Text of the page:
Reduce Readmissions by Activating Patients to Do 'Self-Care'
Patients take the test while in the hospital and their score helps the discharge team tailor follow-up instructions and care. "For high-activated patients, they may follow up with a phone call," Hibbard said. "For low-activated patients, they may go to the home."
A study of 695 patients published in February looked at the relationship between PAM scores and 30-day readmission rates at Boston University Medical Center. The result: Patients rated "low" on the activation scale were twice as likely to be readmitted within 30 days as those who earned high PAM scores.
Small Data Leads to Larger Efforts
While the answers to all 13 questions probably qualify as small data, some hospitals are using it as a starting point from which larger self-care initiatives are being launched. At HealthIT.gov, the website of the Office of the National Coordinator, a featured "success story" describes such a program at the Mountain States Health Alliance in Johnson City, TN.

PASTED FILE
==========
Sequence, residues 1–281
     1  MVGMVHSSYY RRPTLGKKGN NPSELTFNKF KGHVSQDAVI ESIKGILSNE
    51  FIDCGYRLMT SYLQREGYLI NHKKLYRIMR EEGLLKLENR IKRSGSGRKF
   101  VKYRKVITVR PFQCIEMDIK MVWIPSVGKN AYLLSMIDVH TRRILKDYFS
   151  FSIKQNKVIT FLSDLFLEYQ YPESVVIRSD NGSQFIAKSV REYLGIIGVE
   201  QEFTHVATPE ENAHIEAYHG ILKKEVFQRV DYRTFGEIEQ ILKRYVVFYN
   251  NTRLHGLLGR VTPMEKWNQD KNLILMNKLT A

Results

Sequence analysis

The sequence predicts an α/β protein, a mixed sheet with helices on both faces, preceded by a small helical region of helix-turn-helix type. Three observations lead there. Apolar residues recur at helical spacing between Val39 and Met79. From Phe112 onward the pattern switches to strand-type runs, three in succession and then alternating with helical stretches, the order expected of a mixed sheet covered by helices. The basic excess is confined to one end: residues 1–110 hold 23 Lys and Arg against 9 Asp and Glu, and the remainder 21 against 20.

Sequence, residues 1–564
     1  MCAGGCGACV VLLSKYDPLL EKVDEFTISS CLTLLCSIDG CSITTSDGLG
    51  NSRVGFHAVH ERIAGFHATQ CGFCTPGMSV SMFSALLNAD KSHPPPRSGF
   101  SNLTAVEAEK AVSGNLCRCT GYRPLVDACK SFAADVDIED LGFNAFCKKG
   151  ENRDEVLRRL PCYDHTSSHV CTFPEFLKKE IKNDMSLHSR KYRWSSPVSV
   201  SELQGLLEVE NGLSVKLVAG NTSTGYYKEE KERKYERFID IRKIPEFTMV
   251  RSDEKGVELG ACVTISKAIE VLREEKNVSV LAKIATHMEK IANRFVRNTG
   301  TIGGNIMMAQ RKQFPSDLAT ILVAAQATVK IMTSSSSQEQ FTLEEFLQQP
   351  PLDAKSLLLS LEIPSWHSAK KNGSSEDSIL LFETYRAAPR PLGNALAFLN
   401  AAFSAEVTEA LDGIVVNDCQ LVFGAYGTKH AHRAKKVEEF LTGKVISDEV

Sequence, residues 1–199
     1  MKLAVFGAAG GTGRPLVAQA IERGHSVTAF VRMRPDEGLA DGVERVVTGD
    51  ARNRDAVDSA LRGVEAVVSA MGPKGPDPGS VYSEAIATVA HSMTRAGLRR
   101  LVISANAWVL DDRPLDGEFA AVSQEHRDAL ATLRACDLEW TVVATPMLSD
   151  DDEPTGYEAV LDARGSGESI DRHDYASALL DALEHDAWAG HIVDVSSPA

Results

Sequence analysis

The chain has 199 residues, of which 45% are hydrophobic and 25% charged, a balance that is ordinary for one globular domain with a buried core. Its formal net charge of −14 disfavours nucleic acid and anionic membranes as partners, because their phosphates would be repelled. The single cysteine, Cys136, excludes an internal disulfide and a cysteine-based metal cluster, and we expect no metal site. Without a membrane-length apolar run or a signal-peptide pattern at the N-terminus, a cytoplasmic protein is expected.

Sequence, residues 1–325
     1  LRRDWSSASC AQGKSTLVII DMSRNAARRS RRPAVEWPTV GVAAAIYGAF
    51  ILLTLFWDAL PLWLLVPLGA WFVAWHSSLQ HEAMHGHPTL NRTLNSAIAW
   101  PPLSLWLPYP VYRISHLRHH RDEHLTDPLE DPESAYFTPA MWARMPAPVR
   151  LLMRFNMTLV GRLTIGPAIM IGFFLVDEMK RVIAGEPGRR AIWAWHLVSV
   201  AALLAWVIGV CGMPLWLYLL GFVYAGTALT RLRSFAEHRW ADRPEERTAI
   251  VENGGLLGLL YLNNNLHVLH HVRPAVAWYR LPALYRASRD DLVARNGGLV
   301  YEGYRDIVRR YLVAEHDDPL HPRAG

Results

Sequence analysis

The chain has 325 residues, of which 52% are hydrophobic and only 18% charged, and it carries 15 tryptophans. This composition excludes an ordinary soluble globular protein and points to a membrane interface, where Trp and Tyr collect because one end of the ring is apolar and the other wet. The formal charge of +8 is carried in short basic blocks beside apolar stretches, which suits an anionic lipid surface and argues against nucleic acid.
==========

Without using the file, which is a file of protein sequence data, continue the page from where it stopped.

The EHR system there monitors records for cues, such as symptoms of blood infection, and then contacts providers. The story notes that once the system flags a case that is likely to result in a readmission, providers and hospital staff can take steps such as 'reminding patients about preventive care, prescribing medicine, or deploying case managers to help patients navigate treatment plans." Hospitals nationwide are trying some version of this approach.
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